From Bob Clark (931113.1715 EST)

I, too, have been unsure of the exact meaning of: "feedforward." From
the discussion, it seems to refer to using currently available data
to assist in controlling the future value ("condition," or whatnot)
of some variable.

It seems to me that "time is the essence" of this concept.

If the entire control action is to occur "simultaneously,"
feedforward appears contradictory in that feedforward signals would
not be included in the interval of time considered "simultaneous".

If the value of the controlled variable is to be determined at a
later time, some form of "anticipation" or "prediction" is implied.
Even with a small number of current observations, future values can
be estimated by various methods. Accuracy can be improved by adding
more observations, and by increasing their accuracy. In addition,
the nature of the variable can affect the accuracy.

Two distinctly different situations can occur:

1) The "sending case," where the individual is trying to have a
future effect on his environment (eg, shooting a gun, throwing a
ball, etc). In this case, his control actions quickly lose their

2) The "receiving case," where the individual is trying to cope with
environmental events at some time after they have been initiated.
Perhaps he wants to "receive" the action, perhaps he wants to "avoid"
the action. Either way, he wants to anticipate the future situation,
and "feedforward" would appear to help.

When application to the physical world is considered, there are
methods (at least in principle) for accomplishing these results.
Physical sensors are known that can detect, and, combined with other
devices, can predict the path of an incoming object. Similarly, if
the initial conditions are specified, the path of an out-going object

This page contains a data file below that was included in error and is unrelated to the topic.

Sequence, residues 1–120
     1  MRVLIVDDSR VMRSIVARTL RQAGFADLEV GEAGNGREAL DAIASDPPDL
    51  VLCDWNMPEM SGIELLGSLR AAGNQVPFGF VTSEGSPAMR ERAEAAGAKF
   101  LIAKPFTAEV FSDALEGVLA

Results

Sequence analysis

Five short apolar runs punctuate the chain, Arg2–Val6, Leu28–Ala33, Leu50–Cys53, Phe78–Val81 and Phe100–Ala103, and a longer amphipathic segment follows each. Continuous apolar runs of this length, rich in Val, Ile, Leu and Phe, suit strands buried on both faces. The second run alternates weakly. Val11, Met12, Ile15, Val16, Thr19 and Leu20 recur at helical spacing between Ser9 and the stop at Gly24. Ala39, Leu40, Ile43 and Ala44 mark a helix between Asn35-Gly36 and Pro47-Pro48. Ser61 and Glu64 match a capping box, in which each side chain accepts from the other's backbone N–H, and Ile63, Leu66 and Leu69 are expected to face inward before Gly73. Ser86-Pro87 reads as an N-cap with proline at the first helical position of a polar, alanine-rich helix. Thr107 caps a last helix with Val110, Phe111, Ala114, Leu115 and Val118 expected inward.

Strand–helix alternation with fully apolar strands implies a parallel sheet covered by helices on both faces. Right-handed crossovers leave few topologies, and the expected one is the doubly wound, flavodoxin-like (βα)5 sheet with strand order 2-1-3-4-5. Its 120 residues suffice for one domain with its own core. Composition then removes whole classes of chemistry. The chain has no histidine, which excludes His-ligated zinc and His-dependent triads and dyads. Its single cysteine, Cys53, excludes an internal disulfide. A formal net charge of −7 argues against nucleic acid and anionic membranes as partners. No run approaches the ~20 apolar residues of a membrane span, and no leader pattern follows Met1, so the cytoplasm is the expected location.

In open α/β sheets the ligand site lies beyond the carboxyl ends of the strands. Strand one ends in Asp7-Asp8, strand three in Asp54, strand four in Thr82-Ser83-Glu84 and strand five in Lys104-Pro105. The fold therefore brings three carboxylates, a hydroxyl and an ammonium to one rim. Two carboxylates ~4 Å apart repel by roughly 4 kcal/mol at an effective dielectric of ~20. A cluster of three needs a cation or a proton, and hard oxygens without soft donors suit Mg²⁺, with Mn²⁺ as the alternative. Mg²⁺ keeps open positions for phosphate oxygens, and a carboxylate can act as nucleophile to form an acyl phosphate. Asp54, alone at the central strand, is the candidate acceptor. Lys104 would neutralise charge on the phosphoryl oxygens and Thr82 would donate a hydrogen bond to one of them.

is predictable. Computers may be needed together with the hardware,
depending on the nature of the physical variable(s), the speed and
accuracy required.

If computation is to be used, the methods, etc must be recorded
somehow anyway. And, being fixed in form, might have problems
adapting to changing conditions.

However, someone would be needed to design and build the equipment --
it seems unlikely to construct itself.

Instead of computing the needed predictions, the predictions could be
based on recorded observations of similar situations. Given a modest
library of such recordings, selection could begin with a preliminary
match, followed up with more accuracy as data accumulate. "A first
approximation, improved by iterating the process." While this appears
more difficult to instrument, especially if many recordings are
needed, the human recording capacity seems to be sufficient.

As a simple example, consider two people playing catch. One throws
the ball toward the other, with more or less accuracy. Perhaps the
thrower wants to make it easy for the catcher -- perhaps he wants it
to be hard for the catcher. And the catcher tries to anticipate
where and how the ball will arrive, moving himself and his hands into
position. Experienced ball players can use many variations -- the
ball thrown very high, rolled on the ground, given a spin, etc, etc.

As a child first begins to throw things, his accuracy leaves much to
be desired. In fact, he is likely to be more interested in simply
"throwing" (aside to WTP -- this is different from "throeing" )
rather than where the ball goes. Of course, when he finds the ball
is coming to him, he must learn to anticipate its arrival and
position himself and his hands accordingly.

There seems to be a choice between two descriptions of "feedforward":
computational, vs recording. It looks like either can be made to fit
the available data. Take your pick -- to me the recording/memory
seems much more adaptable and a better fit with additional situations.

I also prefer to speak of "anticipation," "prediction," or
"forecasting" rather than "feedforward." They are more familiar terms
that seem more reliable.

Regards, Bob Clark